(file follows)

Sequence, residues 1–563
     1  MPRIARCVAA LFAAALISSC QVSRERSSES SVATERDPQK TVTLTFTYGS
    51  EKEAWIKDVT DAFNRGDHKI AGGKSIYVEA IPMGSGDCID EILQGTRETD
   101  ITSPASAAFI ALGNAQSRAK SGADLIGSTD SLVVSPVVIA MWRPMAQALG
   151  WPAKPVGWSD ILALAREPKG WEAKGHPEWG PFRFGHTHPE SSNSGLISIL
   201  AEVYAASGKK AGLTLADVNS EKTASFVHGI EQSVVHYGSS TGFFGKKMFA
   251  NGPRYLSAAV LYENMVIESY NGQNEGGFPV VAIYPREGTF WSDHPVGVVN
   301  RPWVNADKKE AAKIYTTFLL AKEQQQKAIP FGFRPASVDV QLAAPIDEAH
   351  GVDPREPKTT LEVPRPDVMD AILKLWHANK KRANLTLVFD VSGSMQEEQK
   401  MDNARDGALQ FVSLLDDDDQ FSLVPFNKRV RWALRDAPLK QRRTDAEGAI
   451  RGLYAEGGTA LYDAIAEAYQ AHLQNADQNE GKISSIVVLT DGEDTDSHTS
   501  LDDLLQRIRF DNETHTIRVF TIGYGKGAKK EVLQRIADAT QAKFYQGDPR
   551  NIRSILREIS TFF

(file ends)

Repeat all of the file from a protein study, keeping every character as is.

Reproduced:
Sequence, residues 1–563
     1  MPRIARCVAA LFAAALISSC QVSRERSSES SVATERDPQK TVTLTFTYGS
    51  EKEAWIKDVT DAFNRGDHKI AGGKSIYVEA IPMGSGDCID EILQGTRETD
   101  ITSPASAAFI ALGNAQSRAK SGADLIGSTD SLVVSPVVIA MWRPMAQALG
   151  WPAKPVGWSD ILALAREPKG WEAKGHPEWG PFRFGHTHPE SSNSGLISIL
   201  AEVYAASGKK AGLTLADVNS EKTASFVHGI EQSVVHYGSS TGFFGKKMFA
   251  NGPRYLSAAV LYENMVIESY NGQNEGGFPV VAIYPREGTF WSDHPVGVVN
   301  RPWVNADKKE AAKIYTTFLL AKEQQQKAIP FGFRPASVDV QLAAPIDEAH
   351  GVDPREPKTT LEVPRPDVMD AILKLWHANK KRANLTLVFD VSGSMQEEQK
   401  MDNARDGALQ FVSLLDDDDQ FSLVPFNKRV RWALRDAPLK QRRTDAEGAI
   451  RGLYAEGGTA LYDAIAEAYQ AHLQNADQNE GKISSIVVLT DGEDTDSHTS
   501  LDDLLQRIRF DNETHTIRVF TIGYGKGAKK EVLQRIADAT QAKFYQGDPR
   551  NIRSILREIS TFF